"We've been fighting this current legislation for 10 months and have been back and forth to Austin, a three-hour drive each way, many times staying in hotels overnight," Stanton shared. "One of the last times, we weren't called to testify until 1 a.m. So our kids are staying up all night just so they can tell their stories."
For the time being, Stanton feels compelled to stay put and move forward. "Right now we are focused on staying and fighting in Texas for our daughter and for other trans kids," she said.
Aside from the consequences of the laws, the mere drafting of them is negatively impacting transgender children. "My daughter has developed a tic, which she's now taking medication for," Stanton said. The Stantons saw a neurologist who told them there was a direct correlation between the tic and the stress Maya was experiencing from all the anti-trans bills that were filed. The stress is affecting the families as well. "I have a rash that I can't get rid of from stress, my hair is falling out and I'm now an insomniac," Stanton said.
This legislation also affects physicians who have a passion for helping trans youth live authentic lives. "I can just imagine how frustrated transgender physicians and medical providers caring for transgender kids in a state like Arkansas are feeling at this time," Turco said, referring to the Arkansas House Bill 1570, banning access to trans-affirming care, including puberty blockers and hormones. The law was set to go into effect July 28 but was blocked in federal court when the ACLU sued the state against it.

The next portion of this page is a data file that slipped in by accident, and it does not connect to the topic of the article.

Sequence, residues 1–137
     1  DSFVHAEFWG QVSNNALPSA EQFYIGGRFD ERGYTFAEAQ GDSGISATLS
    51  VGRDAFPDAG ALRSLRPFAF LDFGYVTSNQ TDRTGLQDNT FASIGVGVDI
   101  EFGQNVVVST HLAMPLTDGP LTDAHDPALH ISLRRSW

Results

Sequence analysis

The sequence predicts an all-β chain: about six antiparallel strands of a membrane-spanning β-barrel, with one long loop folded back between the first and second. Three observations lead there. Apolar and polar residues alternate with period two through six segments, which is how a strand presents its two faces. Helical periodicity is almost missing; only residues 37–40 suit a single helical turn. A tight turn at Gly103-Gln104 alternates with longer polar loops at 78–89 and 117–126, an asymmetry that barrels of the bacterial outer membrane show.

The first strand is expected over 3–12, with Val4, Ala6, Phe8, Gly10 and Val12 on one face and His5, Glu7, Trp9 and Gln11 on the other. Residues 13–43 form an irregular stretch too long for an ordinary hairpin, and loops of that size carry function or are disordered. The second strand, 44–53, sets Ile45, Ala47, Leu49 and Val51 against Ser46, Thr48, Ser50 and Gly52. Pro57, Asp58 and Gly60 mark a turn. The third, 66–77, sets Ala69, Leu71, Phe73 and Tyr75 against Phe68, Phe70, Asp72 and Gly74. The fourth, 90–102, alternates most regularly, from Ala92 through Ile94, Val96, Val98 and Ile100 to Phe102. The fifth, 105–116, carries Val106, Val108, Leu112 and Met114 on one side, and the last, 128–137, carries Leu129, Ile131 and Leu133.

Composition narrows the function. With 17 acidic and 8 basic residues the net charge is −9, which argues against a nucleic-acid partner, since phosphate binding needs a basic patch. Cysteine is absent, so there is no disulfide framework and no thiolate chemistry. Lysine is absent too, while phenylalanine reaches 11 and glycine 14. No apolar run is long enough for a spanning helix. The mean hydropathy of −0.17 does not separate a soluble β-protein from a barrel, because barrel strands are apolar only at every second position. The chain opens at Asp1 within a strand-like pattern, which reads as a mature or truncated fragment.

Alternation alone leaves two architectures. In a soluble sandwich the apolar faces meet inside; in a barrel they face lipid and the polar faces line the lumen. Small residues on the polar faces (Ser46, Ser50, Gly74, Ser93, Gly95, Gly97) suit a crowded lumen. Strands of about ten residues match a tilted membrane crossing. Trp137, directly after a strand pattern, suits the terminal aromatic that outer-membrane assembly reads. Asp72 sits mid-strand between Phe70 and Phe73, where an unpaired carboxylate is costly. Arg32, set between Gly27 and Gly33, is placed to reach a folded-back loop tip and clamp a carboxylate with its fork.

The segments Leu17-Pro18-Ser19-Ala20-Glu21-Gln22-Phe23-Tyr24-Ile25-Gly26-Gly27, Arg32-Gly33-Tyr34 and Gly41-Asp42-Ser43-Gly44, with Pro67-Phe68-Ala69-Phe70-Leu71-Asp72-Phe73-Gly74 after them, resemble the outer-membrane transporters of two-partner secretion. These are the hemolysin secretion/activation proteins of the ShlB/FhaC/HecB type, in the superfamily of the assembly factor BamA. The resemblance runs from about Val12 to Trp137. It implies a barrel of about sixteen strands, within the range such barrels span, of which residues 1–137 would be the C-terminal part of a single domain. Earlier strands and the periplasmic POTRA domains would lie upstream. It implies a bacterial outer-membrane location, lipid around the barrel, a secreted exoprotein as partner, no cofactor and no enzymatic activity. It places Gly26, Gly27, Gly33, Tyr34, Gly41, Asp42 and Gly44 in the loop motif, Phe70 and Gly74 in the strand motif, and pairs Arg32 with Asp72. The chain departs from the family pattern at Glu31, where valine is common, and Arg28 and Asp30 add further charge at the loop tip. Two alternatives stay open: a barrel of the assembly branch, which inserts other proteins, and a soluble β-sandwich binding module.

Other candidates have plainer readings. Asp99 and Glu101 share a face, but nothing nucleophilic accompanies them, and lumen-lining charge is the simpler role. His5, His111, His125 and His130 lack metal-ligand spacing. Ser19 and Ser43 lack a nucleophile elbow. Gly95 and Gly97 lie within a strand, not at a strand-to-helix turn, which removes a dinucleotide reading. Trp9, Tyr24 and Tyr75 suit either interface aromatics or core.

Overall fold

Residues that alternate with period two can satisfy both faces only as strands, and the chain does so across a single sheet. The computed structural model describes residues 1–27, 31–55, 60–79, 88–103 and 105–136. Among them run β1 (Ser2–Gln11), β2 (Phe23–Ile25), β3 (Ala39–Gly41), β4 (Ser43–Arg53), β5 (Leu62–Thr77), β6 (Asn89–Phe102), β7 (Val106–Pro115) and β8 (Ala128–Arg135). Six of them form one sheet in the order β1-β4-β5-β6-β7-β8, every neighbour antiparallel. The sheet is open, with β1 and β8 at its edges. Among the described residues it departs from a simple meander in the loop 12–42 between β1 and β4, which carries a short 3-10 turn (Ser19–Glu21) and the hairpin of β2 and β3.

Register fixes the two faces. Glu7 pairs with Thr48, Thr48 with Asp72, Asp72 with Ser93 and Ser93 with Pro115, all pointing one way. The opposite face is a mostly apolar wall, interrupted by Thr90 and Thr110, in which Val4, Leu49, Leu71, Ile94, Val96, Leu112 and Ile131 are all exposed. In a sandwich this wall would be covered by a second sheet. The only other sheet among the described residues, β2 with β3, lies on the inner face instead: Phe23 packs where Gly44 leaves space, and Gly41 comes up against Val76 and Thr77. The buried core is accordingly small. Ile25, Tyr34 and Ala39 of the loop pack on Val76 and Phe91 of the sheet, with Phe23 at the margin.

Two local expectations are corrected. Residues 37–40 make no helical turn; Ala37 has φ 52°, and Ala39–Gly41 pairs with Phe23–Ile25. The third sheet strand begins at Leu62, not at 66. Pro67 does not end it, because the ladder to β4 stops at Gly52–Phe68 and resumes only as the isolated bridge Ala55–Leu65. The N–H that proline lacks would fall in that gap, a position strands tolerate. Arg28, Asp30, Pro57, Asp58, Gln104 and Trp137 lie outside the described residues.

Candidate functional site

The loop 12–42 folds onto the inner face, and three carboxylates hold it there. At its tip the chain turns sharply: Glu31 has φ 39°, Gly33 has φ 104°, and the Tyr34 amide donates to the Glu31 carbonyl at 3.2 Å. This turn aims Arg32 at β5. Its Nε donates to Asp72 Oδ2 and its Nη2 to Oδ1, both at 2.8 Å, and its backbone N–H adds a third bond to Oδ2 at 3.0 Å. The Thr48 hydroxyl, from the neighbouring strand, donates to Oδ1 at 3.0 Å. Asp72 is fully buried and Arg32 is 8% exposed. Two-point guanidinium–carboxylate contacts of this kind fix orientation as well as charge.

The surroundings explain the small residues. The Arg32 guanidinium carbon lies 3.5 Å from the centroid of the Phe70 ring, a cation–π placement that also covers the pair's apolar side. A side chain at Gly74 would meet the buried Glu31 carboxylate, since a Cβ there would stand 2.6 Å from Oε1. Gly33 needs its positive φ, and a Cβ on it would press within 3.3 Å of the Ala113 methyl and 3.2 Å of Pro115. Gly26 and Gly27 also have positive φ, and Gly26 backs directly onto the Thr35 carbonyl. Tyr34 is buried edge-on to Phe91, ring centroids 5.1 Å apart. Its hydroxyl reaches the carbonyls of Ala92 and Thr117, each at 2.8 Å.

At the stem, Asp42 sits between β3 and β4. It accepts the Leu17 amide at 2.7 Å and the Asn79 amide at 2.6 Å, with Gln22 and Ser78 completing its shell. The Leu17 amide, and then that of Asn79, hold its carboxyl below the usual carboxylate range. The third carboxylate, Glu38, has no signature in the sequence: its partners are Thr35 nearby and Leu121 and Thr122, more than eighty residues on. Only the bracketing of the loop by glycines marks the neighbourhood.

"Most people do not realize there are no federal laws protecting LGBTQ+ people in the United States, and yet the majority of the country agrees that LGBTQ+ people should not be discriminated against," Dawson said. She's hopeful we'll eventually see the Equality Act passed in the Senate, which would amend the Civil Rights Act of 1964 to protect LGBTQ individuals from discrimination.
Although the journey has been hard, Stanton and her family plan to continue on in their advocacy. "We won't give up, and we will keep fighting not just for Maya's rights but for the rights of all trans kids in Texas," she said.